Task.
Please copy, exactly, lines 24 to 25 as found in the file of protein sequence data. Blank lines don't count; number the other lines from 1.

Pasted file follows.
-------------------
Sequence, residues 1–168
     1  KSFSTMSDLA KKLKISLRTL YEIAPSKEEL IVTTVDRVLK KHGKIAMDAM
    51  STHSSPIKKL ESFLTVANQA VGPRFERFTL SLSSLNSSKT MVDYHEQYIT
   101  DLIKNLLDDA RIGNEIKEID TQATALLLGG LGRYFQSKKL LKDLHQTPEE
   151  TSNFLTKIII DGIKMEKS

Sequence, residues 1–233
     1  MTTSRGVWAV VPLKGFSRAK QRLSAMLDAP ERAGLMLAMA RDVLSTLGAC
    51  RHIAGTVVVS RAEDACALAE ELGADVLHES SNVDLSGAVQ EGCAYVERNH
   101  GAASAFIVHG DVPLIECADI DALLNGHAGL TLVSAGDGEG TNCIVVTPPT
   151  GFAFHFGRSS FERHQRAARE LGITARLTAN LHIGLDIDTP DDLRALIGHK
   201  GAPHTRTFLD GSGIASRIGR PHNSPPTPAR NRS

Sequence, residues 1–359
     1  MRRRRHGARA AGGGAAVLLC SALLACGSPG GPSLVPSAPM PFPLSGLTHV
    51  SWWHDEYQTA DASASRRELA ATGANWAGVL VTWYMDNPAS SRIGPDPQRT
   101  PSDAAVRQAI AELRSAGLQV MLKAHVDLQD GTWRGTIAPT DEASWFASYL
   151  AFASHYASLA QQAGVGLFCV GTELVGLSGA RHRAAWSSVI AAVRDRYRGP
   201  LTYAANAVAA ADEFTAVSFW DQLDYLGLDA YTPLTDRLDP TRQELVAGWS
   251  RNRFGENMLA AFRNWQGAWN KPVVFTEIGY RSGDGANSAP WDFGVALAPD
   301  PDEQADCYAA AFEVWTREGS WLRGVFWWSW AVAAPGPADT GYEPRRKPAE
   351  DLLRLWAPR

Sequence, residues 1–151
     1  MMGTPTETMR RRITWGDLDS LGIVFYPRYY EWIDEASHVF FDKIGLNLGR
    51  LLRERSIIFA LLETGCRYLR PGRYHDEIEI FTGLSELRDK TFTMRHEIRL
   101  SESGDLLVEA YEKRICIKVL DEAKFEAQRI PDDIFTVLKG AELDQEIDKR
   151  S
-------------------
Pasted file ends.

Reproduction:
   101  SESGDLLVEA YEKRICIKVL DEAKFEAQRI PDDIFTVLKG AELDQEIDKR
   151  S